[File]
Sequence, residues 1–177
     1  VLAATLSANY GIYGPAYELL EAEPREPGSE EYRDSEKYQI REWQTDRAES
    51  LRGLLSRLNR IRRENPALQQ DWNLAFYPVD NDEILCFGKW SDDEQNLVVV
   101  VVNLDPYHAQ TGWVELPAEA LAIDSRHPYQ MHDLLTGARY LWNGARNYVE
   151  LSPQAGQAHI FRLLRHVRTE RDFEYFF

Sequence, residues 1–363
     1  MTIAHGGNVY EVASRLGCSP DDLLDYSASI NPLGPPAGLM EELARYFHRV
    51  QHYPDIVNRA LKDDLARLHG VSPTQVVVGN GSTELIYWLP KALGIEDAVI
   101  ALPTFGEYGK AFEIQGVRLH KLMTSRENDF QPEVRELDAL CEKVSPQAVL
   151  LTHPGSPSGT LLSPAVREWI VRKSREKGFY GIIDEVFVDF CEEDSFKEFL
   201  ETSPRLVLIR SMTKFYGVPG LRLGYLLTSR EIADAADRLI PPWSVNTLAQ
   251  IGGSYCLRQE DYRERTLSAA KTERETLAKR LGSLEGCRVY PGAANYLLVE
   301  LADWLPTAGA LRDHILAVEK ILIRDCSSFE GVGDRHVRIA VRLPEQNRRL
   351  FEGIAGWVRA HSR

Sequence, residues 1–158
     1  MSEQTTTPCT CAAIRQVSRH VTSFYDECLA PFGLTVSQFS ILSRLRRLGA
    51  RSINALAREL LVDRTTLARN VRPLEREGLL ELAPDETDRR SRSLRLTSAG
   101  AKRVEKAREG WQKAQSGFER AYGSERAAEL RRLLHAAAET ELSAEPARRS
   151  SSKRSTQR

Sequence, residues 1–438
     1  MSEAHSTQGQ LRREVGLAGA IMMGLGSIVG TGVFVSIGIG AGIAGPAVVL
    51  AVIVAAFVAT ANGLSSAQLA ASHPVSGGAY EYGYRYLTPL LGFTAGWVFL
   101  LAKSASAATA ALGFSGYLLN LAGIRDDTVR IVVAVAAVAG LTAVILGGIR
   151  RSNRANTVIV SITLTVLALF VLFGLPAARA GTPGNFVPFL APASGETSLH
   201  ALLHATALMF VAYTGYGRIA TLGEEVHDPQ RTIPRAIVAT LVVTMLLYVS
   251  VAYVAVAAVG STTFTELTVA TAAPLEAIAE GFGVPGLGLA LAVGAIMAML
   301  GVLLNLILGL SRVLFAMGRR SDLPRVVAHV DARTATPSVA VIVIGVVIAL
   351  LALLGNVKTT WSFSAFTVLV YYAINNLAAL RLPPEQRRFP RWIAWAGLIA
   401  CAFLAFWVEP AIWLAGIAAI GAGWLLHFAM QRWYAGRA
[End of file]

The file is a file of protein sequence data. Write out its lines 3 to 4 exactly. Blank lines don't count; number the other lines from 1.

    51  LRGLLSRLNR IRRENPALQQ DWNLAFYPVD NDEILCFGKW SDDEQNLVVV
   101  VVNLDPYHAQ TGWVELPAEA LAIDSRHPYQ MHDLLTGARY LWNGARNYVE